A nucleus is basically the “brain” of a cell. It controls reproduction and contains the genetic information needed to reproduce. It can be found in eukaryotic cells. B. Endoplasmic reticulum- there are two types, the rough and smooth endoplasmic reticulum. The rough endoplasmic reticulum is involved in synthesizing and packaging proteins for use.
Eg. Ferritin. Nucleic Acids  Nucleic acids are known as genetic materials. They are macromolecules meaning that they are polymers of nucleotides (phosphate group, pentose sugar, and a nitrogenous base). Living matter is composed of nucleic acids in the form of deoxyribonucleic acid (DNA) or ribonucleic acid (RNA).
This is between the deoxyribose sugar of one nucleotide and the phosphate component of the other nucleotide, which brings about the alternating sugar phosphate backbone.All biological information is stored in DNA which makes every organism unique. There are pieces of DNA called genes which determine a particular trait in a living organism.The sugar phosphate backbone of the DNA resist against cleavage, and both double helical strands stores the biological information, which is transcribes / replicated as they separate. These DNA strands are anti-parallel to each other as they run from and are transcribed from a 3-5 end. They are similar but they run in opposite directions. The 5(prime) carbon would be located at the top of the leading strand which is replicated continuously and the carbon on the other end, where on the lagging strand the 3(prime) carbon is at the lower portion where these are replicated in sections known as Okazaki fragments.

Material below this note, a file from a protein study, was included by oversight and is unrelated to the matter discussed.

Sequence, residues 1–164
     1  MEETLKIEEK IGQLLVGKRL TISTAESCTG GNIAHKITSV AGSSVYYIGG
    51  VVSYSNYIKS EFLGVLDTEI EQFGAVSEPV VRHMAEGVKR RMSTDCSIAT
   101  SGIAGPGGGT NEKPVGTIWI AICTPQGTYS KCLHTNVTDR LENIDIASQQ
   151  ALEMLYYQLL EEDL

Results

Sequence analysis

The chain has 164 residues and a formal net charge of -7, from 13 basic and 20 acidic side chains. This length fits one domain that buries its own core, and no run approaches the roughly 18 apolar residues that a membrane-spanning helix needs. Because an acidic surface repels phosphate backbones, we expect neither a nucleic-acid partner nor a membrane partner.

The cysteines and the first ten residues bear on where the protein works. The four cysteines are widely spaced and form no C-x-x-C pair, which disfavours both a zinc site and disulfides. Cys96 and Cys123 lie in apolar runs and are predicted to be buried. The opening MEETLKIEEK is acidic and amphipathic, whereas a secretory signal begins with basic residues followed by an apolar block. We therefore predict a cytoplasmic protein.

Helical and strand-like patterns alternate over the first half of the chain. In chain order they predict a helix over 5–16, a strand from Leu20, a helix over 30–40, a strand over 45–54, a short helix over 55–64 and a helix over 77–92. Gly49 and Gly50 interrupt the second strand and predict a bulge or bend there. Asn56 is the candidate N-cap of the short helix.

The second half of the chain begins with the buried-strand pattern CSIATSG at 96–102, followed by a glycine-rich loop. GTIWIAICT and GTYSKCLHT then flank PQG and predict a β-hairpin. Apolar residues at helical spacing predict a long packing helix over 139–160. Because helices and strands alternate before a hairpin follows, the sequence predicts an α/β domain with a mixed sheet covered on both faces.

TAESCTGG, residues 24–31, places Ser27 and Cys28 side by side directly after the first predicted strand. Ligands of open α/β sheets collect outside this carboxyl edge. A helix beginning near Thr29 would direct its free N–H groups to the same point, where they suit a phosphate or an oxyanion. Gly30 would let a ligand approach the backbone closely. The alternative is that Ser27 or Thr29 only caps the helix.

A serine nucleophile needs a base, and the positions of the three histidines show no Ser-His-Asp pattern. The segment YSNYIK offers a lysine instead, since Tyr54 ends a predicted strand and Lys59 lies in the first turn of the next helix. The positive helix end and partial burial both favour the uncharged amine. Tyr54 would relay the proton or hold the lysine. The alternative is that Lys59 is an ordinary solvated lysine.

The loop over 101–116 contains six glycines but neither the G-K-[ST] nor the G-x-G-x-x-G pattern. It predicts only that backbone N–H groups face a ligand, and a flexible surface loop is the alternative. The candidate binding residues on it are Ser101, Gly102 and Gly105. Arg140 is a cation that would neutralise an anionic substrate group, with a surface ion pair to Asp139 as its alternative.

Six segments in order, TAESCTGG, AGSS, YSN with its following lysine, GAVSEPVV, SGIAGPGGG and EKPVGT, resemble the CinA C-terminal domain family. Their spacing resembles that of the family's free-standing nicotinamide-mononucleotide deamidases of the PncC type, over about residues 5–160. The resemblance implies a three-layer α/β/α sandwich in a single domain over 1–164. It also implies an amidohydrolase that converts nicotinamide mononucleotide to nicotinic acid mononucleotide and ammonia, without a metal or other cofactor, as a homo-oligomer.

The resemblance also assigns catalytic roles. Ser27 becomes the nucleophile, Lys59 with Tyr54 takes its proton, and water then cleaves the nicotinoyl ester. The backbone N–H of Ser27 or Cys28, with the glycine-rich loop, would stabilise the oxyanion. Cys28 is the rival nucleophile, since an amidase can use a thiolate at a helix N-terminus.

The Secondary structure of protein consists of four structures such as alpha helix, beta sheet, coil and turn structure. Secondary structure prediction techniques are shown in fig 2.1 Statistical Methods Chou-Fasman (CF) Method Chou et. al. (1974)., proposed the Chou-Fasman method is the one of the first method for the implementation of secondary structure prediction of protein. The method involves a matrix of two values: propensity values, a given amino acid will appear within the structure and frequency values, found in a hairpin turn for a provided amino acid.
Epigenetic regulation of gene expression uses reversible modifications of DNA and chromatin structure to mediate the interaction of the genome with a variety of environmental factors and to generate changes in the patterns of gene expression in response to these factors. The epigenome refers to the epigenetic state of a cell. During
It helps the cell to transfer many molecules through the membrane. Many proteins can be found in the lipid bilayer and each has its own specific biological function. Integrins are transmembrane proteins which act as receptors for cell to cell and cell to extracellular matrix (ECM) interactions. Integrins attach the ECM to the cytoskeleton. It is this attachment which sends the cell messages and information about the environment surrounding it.
Amino acids are the building blocks of proteins. All amino acids have the same basic structure but differ in their R-side chains. Each amino acid consists of an amino group (-NH3), a carboxyl group (-COOH) and a hydrogen atom (H). The amino and carboxyl groups are attached to a central alpha carbon together with a hydrogen atom and an R-side chain. There are currently known that over 170 amino acids occur in organisms but only 20 are commonly found in proteins.